Three primary factors were behind the significant underperformance of emerging markets in 2013, says Mohamed El-Erian, and while those specific factors may not recur this year, that doesn’t mean investors should expect an EM recovery that is “broad in scope and large in scale.”
Writing in his Financial Times blog on Wednesday, PIMCO’s CEO and co-CIO said that in 2014, EM investors should rather “differentiate by favoring companies commanding premium profitability and benefiting from healthy long-run consumer growth dynamics.”
Emerging markets’ underperformance in 2013 affected “virtually every asset class,” he reports, including equities, sovereign bonds and the worst-performing asset class, local currency EM bonds, which returned a minus 9%.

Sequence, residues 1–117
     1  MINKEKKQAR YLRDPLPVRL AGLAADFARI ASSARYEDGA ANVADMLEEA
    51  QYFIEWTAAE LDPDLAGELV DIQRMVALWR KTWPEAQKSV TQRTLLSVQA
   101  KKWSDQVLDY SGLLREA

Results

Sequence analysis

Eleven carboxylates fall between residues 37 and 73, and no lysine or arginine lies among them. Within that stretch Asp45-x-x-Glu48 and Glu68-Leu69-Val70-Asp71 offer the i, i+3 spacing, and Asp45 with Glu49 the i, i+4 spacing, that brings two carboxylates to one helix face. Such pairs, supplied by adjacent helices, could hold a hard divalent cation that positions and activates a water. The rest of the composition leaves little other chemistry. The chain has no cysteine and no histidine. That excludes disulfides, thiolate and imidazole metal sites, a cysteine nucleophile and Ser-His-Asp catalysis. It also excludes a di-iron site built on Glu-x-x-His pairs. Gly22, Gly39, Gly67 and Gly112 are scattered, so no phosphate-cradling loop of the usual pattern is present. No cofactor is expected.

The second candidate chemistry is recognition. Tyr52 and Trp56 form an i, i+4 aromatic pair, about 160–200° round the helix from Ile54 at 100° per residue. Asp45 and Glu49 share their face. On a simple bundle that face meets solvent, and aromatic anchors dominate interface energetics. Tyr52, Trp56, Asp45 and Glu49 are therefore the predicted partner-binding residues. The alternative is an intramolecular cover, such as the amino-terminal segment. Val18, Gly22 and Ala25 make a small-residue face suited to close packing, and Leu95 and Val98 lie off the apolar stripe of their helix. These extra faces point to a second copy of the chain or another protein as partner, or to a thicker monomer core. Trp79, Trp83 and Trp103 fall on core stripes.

El-Erian writes that were some “classic” factors at play in emerging markets last year — revenue that suffered due to “more muted growth and lower government stimulus, with related global demand uncertainties,” lower profit margins and concerns over corporate governance and political instability in certain EM countries. EM equities also weren’t able to take advantage of the “financial engineering” practiced by developed market corporate treasurers who took advantage of G3 central banks’ easy-money policies to buy back shares (he says U.S. companies were authorized to do so to the tune of $750 billion).
Three specific factors also weighed on EM performance in 2013, he says. First was the narrowing of the “EM dedicated investor base,” or as he writes, due to the Fed and other central banks’ actions, “’tourist dollars’ fleeing emerging markets could not be compensated for quickly enough by ‘locals.’”